The Oyu Tolgoi porphyry Cu-Au-(Mo) deposit is located in the Gobi Desert of southern Mongolia. The deposit consists of three main mineralized zones (North, Central, and South Oyu), interpreted to constitute at least two separate porphyry copper centers. Oyu Tolgoi is associated with a series of small, structurally controlled stocks and dikes of monzonitic and dioritic composition, which intrude a sequence of Siluro-Devonian volcanic and sedimentary rocks. Country rocks consist of pillow basalt and basaltic andesite interbedded with fine-grained clastic sedimentary horizons. The sequence is interpreted to have formed in a subaqueous island-arc volcanic environment, which formed part of the extensive Paleozoic Tuva Mongol arc. These island-arc rocks are covered by Carboniferous terrigenous sequences and are intruded by Carboniferous syenite and granite and Permian alkaline granite. Much of the area is covered by poorly consolidated Cretaceous sedimentary sequences.
Central Oyu consists of a multiple-phase hydrothermal breccia crosscutting an altered fine-grained feldspar porphyry containing porphyry-type alteration and mineralization. The breccia underwent texture-destructive advanced argillic alteration characterized by several associations of quartz, alunite, dickite, pyrophyllite, sericite, and zunyite plus lesser svanbergite and fluorite. These associations overprint earlier formed K silicate and quartz-sericite-illite assemblages. Copper mineralization at Central Oyu is present in a supergene chalcocite blanket that formed at the expense of a pyrite-rich, hypogene chalcocite-covellite-tennantite (arsenosul-vanite, sulvanite, chalcopyrite, bornite) sulfide suite that accompanied the advanced argillic alteration event.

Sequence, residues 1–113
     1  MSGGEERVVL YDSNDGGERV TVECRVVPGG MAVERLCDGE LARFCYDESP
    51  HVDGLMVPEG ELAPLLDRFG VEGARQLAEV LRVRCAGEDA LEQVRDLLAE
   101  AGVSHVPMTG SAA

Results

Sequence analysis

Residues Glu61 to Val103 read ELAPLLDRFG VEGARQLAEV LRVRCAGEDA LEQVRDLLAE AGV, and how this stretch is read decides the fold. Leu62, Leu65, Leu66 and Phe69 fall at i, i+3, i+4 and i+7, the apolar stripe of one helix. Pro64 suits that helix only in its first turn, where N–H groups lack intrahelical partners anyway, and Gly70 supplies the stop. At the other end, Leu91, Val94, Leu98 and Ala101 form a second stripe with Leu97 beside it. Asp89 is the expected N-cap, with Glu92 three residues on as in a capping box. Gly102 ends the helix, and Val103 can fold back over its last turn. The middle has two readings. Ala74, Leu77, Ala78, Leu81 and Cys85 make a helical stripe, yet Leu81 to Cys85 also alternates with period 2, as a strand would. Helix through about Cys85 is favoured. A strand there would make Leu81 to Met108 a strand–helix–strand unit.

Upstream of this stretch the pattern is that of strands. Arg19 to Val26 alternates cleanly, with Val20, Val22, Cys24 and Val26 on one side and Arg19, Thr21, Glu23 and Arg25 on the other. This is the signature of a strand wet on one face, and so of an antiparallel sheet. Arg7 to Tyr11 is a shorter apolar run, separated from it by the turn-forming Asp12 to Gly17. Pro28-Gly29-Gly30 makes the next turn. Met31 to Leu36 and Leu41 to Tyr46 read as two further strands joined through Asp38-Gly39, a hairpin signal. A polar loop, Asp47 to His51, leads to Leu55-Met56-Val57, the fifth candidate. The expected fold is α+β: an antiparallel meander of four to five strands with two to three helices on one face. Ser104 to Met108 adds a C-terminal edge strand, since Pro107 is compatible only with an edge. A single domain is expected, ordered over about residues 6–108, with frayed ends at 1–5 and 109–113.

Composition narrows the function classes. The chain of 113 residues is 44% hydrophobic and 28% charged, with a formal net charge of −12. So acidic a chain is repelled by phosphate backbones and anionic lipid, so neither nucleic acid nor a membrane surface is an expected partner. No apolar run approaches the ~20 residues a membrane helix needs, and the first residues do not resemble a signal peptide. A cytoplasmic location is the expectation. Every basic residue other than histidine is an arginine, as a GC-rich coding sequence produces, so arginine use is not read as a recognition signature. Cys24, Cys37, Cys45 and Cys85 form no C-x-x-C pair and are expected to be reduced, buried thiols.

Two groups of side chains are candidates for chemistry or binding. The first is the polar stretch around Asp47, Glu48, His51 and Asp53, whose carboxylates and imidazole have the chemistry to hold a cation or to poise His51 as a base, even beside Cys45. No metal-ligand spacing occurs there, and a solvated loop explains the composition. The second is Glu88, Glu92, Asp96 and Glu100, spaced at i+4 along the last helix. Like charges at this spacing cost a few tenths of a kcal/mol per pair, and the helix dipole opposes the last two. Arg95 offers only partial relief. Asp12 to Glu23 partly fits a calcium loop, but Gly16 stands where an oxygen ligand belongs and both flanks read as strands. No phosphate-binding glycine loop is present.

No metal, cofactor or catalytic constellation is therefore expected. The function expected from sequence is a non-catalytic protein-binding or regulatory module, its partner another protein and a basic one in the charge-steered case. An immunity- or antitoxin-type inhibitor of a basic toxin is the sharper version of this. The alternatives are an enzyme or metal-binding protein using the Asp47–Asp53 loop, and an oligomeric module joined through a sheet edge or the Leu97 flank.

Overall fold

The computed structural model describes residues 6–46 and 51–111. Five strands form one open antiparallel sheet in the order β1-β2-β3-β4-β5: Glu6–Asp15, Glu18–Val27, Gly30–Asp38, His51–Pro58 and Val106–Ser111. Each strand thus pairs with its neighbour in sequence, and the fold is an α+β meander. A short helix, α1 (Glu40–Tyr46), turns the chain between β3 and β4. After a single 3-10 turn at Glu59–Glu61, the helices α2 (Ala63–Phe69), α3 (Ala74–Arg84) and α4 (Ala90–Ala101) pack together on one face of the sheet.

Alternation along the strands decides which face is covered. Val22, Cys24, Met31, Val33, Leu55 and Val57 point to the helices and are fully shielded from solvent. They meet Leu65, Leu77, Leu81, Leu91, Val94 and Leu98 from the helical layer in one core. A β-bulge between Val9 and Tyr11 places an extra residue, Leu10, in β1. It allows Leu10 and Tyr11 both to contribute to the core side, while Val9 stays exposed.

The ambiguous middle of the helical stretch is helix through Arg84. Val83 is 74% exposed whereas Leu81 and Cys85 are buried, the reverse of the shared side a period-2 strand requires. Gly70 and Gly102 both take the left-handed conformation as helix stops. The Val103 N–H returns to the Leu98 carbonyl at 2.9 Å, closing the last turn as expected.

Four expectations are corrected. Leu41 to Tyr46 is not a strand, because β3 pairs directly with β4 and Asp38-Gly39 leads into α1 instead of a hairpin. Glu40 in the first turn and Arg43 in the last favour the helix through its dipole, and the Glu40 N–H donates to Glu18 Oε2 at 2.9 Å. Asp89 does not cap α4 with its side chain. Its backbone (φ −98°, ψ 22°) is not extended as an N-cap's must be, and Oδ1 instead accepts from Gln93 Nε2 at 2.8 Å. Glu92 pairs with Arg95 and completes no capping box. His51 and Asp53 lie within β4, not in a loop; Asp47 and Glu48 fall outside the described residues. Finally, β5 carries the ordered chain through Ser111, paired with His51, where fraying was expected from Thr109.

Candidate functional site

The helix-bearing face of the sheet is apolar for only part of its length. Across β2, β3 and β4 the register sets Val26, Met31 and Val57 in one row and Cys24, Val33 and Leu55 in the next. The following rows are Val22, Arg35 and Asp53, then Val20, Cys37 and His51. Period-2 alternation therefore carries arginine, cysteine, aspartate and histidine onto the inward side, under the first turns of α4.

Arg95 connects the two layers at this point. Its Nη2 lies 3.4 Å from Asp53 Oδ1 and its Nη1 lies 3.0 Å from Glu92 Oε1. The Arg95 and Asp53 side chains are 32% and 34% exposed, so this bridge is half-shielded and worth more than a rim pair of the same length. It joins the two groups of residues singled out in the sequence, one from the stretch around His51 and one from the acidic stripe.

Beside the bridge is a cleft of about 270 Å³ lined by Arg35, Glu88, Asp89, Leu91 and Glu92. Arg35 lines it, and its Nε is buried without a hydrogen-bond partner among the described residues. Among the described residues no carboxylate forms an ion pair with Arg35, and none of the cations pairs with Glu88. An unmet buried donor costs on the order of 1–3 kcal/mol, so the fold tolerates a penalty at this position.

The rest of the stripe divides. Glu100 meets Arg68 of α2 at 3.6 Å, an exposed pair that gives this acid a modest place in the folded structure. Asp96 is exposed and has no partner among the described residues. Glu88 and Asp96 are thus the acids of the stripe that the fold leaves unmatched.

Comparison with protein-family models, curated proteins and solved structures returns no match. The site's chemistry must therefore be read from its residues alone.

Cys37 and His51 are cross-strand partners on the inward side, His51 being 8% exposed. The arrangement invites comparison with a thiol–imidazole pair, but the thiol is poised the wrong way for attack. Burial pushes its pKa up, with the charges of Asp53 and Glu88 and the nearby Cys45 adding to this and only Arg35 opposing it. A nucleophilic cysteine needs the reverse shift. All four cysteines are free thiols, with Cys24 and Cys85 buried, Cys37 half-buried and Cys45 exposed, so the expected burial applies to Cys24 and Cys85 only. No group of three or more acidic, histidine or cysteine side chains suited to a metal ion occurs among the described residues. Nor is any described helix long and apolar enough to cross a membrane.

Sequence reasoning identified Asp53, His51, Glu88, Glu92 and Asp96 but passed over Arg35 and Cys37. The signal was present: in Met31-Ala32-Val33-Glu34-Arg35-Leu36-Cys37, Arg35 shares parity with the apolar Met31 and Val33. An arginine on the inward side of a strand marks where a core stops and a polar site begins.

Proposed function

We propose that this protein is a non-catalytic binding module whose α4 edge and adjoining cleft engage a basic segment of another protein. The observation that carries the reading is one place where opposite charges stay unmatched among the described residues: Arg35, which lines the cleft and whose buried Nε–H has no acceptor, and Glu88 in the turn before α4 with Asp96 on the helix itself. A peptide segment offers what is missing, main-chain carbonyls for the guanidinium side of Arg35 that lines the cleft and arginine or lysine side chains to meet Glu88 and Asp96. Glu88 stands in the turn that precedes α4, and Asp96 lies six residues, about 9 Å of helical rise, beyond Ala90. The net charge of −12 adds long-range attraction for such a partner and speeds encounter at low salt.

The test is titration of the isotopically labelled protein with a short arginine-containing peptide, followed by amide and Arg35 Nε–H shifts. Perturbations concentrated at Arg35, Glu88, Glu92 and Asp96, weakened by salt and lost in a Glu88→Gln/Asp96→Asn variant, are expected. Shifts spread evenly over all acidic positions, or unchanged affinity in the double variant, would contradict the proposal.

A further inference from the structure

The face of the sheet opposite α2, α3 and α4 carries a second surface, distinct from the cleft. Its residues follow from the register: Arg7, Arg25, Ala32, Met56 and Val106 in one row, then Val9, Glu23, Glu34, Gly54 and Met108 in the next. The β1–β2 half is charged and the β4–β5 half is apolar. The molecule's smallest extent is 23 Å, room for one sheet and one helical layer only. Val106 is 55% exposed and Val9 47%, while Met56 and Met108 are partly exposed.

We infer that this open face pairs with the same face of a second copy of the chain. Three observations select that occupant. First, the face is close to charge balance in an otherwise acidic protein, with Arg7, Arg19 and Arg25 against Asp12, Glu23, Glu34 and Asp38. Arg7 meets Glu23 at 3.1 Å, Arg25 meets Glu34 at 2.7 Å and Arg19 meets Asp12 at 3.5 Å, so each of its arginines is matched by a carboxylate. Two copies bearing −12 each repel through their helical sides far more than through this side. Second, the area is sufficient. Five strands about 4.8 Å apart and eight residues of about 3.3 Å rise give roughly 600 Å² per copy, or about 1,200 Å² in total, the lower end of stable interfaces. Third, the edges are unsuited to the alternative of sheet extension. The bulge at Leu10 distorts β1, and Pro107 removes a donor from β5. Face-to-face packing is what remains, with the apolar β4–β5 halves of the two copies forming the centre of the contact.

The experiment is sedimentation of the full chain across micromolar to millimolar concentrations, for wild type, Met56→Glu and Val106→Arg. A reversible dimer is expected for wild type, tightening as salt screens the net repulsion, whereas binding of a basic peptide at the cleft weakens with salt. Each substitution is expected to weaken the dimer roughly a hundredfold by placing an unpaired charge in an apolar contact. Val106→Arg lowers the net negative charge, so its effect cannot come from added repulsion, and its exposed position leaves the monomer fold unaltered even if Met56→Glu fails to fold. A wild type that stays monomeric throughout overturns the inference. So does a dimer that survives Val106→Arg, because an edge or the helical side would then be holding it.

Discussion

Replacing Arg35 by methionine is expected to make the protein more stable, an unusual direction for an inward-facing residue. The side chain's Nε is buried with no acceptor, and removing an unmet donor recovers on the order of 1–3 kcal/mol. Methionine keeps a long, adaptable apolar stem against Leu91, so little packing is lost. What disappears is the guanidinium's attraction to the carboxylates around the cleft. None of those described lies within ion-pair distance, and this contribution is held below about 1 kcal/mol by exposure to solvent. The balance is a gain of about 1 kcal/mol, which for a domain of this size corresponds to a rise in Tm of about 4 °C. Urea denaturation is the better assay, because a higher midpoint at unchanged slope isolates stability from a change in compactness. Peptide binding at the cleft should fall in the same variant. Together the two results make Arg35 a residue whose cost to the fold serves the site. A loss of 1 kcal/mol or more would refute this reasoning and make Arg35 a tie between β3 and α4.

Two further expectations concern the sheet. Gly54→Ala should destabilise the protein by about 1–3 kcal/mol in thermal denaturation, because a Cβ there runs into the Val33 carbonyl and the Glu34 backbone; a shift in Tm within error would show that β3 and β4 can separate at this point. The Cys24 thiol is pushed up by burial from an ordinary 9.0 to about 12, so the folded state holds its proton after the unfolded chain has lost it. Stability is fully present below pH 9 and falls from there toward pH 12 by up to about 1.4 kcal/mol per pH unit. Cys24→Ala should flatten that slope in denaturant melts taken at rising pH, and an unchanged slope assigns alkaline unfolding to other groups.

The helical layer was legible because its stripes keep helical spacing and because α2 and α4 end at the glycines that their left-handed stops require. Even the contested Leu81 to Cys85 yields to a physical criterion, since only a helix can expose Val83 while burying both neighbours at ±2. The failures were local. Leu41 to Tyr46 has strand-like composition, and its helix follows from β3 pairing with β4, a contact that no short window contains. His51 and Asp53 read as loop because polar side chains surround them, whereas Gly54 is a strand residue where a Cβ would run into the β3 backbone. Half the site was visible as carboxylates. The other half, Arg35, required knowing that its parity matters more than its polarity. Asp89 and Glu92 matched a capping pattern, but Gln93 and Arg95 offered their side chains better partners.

At South Oyu, a feldspar-hornblende porphyry of monzonitic composition intrudes a sequence of fine grained andesite and basaltic andesite. Hypogene copper-gold mineralization occurs as early magnetite-rich, pyrite-poor quartz-chalcopyrite-bornite stockworks and sheeted veinlets. Hydrothermal alteration is composed of biotite and K feldspar with apatite and minor albite. Magnetite averages 7 to 10 vol percent, and copper and gold grades vary sympathetically. These early assemblages are overprinted by a sericite-chlorite event with ore-grade copper and erratic gold and molybdenum values and also by structurally controlled, pyrite-rich advanced argillic alteration.
K-Ar ages show that the hypogene copper-gold mineralization at South Oyu is latest Silurian-earliest Devonian (411 ± 3 Ma) and that the entire district was intruded by postmineralization syenite during the Carboniferous (307 + 4 Ma). The supergene chalcocite blanket at Central Oyu formed in the Early Cretaceous-earliest Late Cretaceous, based on ages for supergene alunite of 117 ± 1 and 93 ± 1 Ma, which makes Central Oyu one of the oldest preserved chalcocite blankets in the world. Chalcocite blanket preservation was favored by climatic desiccation into the Late Cretaceous and the Tertiary.
It is inferred that significant regional uplift took place at the Silurian-Devonian boundary. This synmineral-ization uplift and erosion may have been in part responsible for the telescoping of the hydrothermal systems at Oyu Tolgoi, including the superposition of epithermal-style associations over higher temperature, deeper seated assemblages typical of the porphyry environment.